Educational finance, education, school district consolidation
Over the last 50 years, consolidation has dramatically reduced the number of school districts in the United States, and state governments still recommend consolidation, especially in rural school districts, as a way to improve school district efficiency. However, state policies encouraging consolidation are often challenged on the grounds that they do not lead to cost savings and instead foster learning environments that harm student performance. Existing evidence on this topic comes largely from educational cost functions, which indicate that instructional and administrative costs are far lower in a district with 3,000 pupils than in a district with 100 pupils. However, research on the cost consequences of consolidation itself is virtually non-existent. This paper fills this gap by evaluating the cost impacts of consolidation in rural school districts in New York over the period 1985 to 1997. Holding student performance constant, we find evidence that school district consolidation substantially lowers operating costs, particularly when small districts are combined. The operating cost savings ranges from 22 percent for two 300-pupil districts to 8 percent for two 1,500-pupil districts. In contrast, consolidation lowers capital costs only for relatively small districts, and capital costs increase substantially when two 1,500-pupil districts come together. Overall, consolidation is likely to lower the costs of two 300-pupil districts by over 20 percent, to lower the costs of two 900-pupil districts by 7 to 9 percent, and to have little, if any, impact on the costs of two 1,500-pupil districts. State aid to cover the adjustment costs of consolidation appears to be warranted, but only in relatively small districts.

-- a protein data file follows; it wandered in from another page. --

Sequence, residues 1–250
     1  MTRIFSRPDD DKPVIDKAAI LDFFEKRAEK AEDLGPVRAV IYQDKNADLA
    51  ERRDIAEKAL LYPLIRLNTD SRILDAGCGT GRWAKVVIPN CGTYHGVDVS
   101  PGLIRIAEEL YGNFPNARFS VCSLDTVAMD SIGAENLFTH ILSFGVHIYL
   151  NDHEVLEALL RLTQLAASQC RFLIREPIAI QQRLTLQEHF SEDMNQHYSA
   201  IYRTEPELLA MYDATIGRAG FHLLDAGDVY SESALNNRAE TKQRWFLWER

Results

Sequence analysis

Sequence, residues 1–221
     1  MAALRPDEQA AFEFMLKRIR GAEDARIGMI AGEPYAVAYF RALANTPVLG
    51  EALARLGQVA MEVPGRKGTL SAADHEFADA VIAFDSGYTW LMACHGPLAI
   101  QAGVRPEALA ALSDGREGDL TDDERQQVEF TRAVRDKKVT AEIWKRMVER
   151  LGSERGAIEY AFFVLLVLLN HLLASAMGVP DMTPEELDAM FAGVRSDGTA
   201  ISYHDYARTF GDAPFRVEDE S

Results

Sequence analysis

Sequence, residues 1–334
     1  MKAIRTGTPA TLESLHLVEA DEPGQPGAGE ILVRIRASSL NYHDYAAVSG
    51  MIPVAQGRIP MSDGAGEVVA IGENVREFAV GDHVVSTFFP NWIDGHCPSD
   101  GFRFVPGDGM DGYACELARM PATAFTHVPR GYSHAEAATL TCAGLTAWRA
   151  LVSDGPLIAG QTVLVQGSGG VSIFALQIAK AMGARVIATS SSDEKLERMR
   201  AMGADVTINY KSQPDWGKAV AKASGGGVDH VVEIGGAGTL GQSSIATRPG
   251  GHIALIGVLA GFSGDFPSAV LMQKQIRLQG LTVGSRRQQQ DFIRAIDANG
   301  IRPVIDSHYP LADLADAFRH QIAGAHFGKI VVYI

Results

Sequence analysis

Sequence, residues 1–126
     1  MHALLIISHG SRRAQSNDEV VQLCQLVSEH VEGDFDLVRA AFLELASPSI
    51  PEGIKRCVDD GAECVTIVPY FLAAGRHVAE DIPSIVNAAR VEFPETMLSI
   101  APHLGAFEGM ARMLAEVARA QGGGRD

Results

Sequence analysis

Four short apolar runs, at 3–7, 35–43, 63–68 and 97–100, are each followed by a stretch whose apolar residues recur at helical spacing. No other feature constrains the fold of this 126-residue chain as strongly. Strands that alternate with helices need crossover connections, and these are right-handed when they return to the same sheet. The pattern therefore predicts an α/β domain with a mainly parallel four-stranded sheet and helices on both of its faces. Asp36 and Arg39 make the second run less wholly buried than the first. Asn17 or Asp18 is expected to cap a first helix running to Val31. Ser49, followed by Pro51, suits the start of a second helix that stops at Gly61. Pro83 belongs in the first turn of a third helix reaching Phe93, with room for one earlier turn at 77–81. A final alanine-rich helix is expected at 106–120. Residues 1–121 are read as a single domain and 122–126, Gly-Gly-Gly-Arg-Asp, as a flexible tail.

Duncombe, William and Yinger, John, "Does School District Consolidation Cut Costs?" (2001). Center for Policy Research. 122.
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